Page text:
Winchester in southern England is rich with historic treasures. Guest writer MONA HERB BOUGHTON takes us on a spooky tour of the ancient city’s most haunted places to visit.
One of the most striking landmarks of Winchester, this cathedral has stood since 1079, and remains one of the largest gothic cathedrals in Northern Europe – as well as one of the largest cathedrals in all of England. There are claims of a procession of phantom monks marching down the cathedral’s aisles, sinking slightly into the floor as they walk. This is believed to be because they’re walking on the old floor of the cathedral before it was raised. Winchester Cathedral’s grounds are further haunted in Cathedral Close, where visitors hear disembodied chanting and catch glimpses of a limping monk struggle to reach the gates.
Tun Bridge, Winchester
Found close to the foot of Wharf Hill, Tun Bridge is a simple stone arch surrounded by an indiscernible mass of branches and leaves and has stood there since 1796 – and the river is deeply twined into Winchester’s history and success, having once been a prominent barge route. Whilst not rife with any particularly bloody history, the picturesque banks surrounding the bridge are said to be haunted by a benevolent spirit. In the early 2000s there was a handful of reports of a friendly golden Labrador who would amble past dogwalkers before simply phasing through the sodden underbrush and fading into the distance.
The Eclipse Inn, Winchester
The quaint visage of the Eclipse Inn, an antiquated dwarf held up by beams of oak, crammed between two more modern buildings houses one of the most famous ghosts of Winchester. A tall and solemn woman dressed entirely in grey watches from the shadows, whilst sounds of hasty construction echoes from outside. On September 2nd, 1685, Lady Alice Lisle was beheaded outside of the pub on hastily built scaffolding. She was originally sentenced to being burned at a stake when it was found that she had given shelter to anti-royalists. In hopes of avoiding outrage, King James II ordered that she be beheaded instead. It probably wouldn’t soothe her spirit to know that she was the last woman to be publicly beheaded in England.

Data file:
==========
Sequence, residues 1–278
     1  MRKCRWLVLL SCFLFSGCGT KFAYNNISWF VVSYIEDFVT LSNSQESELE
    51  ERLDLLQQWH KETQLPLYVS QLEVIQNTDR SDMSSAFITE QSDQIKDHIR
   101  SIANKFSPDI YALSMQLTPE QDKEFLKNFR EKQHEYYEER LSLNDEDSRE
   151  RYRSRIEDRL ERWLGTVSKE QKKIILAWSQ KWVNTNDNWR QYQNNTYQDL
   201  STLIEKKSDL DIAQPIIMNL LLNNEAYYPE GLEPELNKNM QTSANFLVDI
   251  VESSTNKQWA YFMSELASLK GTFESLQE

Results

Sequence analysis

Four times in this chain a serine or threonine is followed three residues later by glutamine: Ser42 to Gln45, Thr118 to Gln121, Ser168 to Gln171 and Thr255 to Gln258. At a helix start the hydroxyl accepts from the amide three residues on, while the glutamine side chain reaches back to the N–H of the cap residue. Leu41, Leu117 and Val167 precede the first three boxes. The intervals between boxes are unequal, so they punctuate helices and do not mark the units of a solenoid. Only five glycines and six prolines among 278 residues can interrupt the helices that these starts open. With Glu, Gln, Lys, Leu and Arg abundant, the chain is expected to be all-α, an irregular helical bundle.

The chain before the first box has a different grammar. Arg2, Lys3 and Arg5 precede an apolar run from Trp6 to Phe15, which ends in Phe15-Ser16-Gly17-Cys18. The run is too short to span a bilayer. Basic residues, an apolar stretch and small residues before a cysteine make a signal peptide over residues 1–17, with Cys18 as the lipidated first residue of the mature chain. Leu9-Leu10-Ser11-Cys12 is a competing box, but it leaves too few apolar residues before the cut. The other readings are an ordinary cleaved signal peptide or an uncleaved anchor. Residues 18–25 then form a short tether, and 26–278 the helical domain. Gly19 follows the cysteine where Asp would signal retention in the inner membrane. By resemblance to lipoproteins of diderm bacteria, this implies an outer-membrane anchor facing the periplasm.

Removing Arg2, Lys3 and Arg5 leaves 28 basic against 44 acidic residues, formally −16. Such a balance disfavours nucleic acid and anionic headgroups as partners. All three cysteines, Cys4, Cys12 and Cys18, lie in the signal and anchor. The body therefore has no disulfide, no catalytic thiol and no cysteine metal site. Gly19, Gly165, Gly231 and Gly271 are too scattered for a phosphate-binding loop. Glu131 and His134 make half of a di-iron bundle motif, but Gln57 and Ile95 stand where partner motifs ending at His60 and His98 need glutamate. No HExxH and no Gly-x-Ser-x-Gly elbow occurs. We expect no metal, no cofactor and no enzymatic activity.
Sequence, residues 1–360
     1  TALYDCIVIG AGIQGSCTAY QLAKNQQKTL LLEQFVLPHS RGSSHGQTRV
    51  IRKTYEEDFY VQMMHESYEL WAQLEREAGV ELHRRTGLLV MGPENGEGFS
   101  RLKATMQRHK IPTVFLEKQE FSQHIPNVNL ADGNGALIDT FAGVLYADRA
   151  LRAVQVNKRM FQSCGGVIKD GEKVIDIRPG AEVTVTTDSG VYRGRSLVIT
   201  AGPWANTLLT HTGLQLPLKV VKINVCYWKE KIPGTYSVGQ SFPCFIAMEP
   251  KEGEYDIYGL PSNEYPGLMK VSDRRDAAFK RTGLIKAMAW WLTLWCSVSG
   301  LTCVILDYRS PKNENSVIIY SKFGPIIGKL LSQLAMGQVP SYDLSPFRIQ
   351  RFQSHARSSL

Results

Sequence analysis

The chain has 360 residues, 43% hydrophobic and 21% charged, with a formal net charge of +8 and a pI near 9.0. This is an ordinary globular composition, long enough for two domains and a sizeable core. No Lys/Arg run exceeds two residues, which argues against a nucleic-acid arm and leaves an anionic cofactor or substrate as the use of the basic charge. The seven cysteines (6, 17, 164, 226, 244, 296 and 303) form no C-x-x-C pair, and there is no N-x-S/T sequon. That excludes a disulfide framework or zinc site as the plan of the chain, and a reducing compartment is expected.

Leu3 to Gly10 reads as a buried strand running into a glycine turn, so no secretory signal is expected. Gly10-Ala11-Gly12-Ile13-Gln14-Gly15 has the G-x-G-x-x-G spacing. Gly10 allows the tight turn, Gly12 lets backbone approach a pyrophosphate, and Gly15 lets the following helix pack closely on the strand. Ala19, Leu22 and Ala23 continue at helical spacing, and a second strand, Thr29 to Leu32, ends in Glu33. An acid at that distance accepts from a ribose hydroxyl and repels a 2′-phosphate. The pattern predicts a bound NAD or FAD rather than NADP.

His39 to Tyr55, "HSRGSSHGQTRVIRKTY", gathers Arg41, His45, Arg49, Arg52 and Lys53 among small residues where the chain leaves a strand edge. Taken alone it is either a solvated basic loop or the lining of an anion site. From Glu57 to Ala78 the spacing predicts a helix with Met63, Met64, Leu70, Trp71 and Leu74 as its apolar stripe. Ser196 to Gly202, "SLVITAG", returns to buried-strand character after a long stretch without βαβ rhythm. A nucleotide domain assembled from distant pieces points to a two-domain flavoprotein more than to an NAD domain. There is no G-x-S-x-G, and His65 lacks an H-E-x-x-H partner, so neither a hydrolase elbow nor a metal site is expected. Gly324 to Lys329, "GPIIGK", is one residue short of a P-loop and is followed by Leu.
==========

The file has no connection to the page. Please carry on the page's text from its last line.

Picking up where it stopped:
Theatre Royal Winchester
Originally a stop-over point for travelling farmers, the Theatre Royal Winchester was bought, converted into a theatre, and finally opened in 1914 by the Simpkins brothers John and James. This opulent theatre would prove to be John Simpkins’ eternal home though – perhaps because his brother broke his promise to one day include both of their initials in the theatre, instead of just James’. Whatever the reason John’s ghost, supposedly an uptight apparition in Edwardian clothing, walks out of the left-side walls of the auditorium to check for his initials on the stage’s archway. He then slumps through the right-side wall in profound disappointment.
Hyde Tavern, Winchester
Another haunted pub, Hyde Tavern is even older than the Eclipse Inn; although instead of being killed by the wrath of a royalist judge, the tavern’s ghost was killed by cold avarice. According to urban legend, centuries ago, a homeless woman sought shelter from a bitter winter in Hyde Tavern. A cruel man, the landlord refused to let her inside. Her corpse was found, frozen to the ground, in the early, frigid light of a winter dawn. Since then, staff have sworn hearing disembodied groans full of anguish and starvation rattle throughout the tavern, and visitors claim that blankets are pulled off their beds in the middle of the night.
Both a writer and an avid fan of weird horror and inventive fantasy, MONA HERB BOUGHTON has spent the past five years honing her craft in prose, reviews, and articles alike. No matter what she writes though, her work will usually contain bizarre creatures, the undead, or very strange people – in fact, she’s currently working on a story about vampires and birds being as unglamorous as possible. Not satisfied with just a first-level degree Bachelor of Arts, she is now currently studying a Master’s degree in creative writing. You can follow her on Twitter @WifiWitchWrites